And so we kind of covered all those. But at the end of the day it’s a model. It’s an approximation. We’re doing the best we can to simulate it well. Once we get through all the low-hanging fruit there’s probably a place where you want to get much better or much more prescriptive.

Austin: What sorts of pushback have you gotten of the whole idea of testing in production itself? What sorts of things have you found yourself needing to do to try to mitigate against totally messing people over in production?

Kolton: Yeah, so pushback, this is why I came to Netflix, to do failure testing. I felt like they were the leaders and that if there was a place I could learn this would be it. And I haven’t been disappointed. I feel like it’s been a great experience. How do I…what was the second part?

Austin: What sorts of mitigation have you found yourselves having to do to try to be able to test in Prod without screwing over live customers?

Kolton: Yeah, so that’s really…and again, if you’re interested…

Austin: I realize that’s kind of open-ended.

Kolton: Sure. If you’re interested, the FIT blog post, F-I-T, Failure Injection Testing, you can go and read on the tech blog. But in particular, it’s this concept of a failure scope. So whenever you want to cause a failure in production, you have to basically define who you’re going to impact. And we can scope things to an individual customer or device. We can scope them to an individual application. We can scope them to different clusters. And then we can do kind of this vertical slice, a random sample percent of customers.

Austin: Just to clarify here. You’re talking about causing a failure that you are expecting not to screw the customer over, correct?

Kolton: Mm-hmm, yep.

Austin: So your expectation going in is that you will fail a piece of software. The customer won’t notice.

Kolton: Yep.

Austin: And then if they do notice, then that would be an immediate point where you stop the test, restore it, and go back.

Kolton: Yeah. And again, the kind of mental graph I have is there’s outages that occur in the middle of the night. And then there’s the outages that occur during a failure test and they’re small and they’re contained and they have a lot less impact. And so that’s really how, back to the anti-fragile analogy, that’s how we bound the downside and benefit from the larger upside. All right. One more?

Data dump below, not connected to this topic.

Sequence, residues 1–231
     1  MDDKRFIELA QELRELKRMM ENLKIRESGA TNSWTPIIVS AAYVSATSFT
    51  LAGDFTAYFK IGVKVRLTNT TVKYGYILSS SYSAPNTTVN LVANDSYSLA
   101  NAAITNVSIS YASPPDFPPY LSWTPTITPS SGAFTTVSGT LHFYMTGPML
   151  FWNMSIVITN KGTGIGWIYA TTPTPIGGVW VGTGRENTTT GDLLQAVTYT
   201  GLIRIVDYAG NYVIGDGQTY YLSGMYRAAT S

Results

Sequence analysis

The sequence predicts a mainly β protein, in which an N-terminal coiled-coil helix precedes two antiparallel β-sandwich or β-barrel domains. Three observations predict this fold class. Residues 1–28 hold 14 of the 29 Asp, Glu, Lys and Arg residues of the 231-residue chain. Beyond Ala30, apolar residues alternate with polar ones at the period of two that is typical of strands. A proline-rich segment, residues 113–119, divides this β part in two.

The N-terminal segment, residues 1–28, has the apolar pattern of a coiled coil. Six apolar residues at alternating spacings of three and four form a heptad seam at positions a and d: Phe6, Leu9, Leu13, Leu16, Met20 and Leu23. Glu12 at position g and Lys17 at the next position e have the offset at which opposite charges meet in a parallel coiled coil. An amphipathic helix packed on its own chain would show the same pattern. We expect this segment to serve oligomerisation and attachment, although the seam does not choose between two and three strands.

Kolton: Yes, similar to like a canary approach, you want to test on real people, on real behavior. Now, when we’re doing our testing and we’re scoping it to an individual customer device, that’s often one in our control. It’s my laptop. It’s my customer ID. And I go and I’ve already kind of done some due diligence that things behave as I expect. So before we’re going out and running it for a percentage of customers, we have a pretty high degree of confidence that it’s going to behave correctly.


Kolton: So the way that we know that we’re impacting real customers is we’re watching carefully upon all of our important metrics and dashboards at Netflix. Most importantly, can people stream? And so that is the Holy Grail metric. If at any point we see a dip in the expected number of streams and we’re confident that we, even if we’re not confident that we’re playing a role, if we’re running a failure test we’re stopping it. We’re cleaning it up, and we’re stopping that impact right away.

Austin: Are there other things other than such blatant indications that a customer is having a problem that you would consider a roll back, roll forward question point?

Kolton: I think that’s going to be based upon individual services. So there are some services where…okay, so take ratings. If we know that customers are getting bad ratings for some reason, then we would say, “Okay, that’s a data quality issue. We need to stop that.” But in general, the top level ones are pretty good. Yes?


Kolton: Yeah, so he mentioned that we have some metrics around customer service engagement and different issues. Again, as part of the exercise we’ve kind of informed our general operations team that we’re doing this. And so if our customer service reps start talking about some behavior, some error, then that’s a good hint that maybe we’re causing that pain.

Austin: It seems that a lot of that boils down to start by having metrics and start by knowing what you expect your metrics to show you in normal use. I think that’s it.

Kolton: All right. Thank you very much.

Expand Transcript

Stay in the Loop

Keep up with the latest microservices news.

Simplify and streamline microservice deployment.

Try the open source Datawire Blackbird deployment project.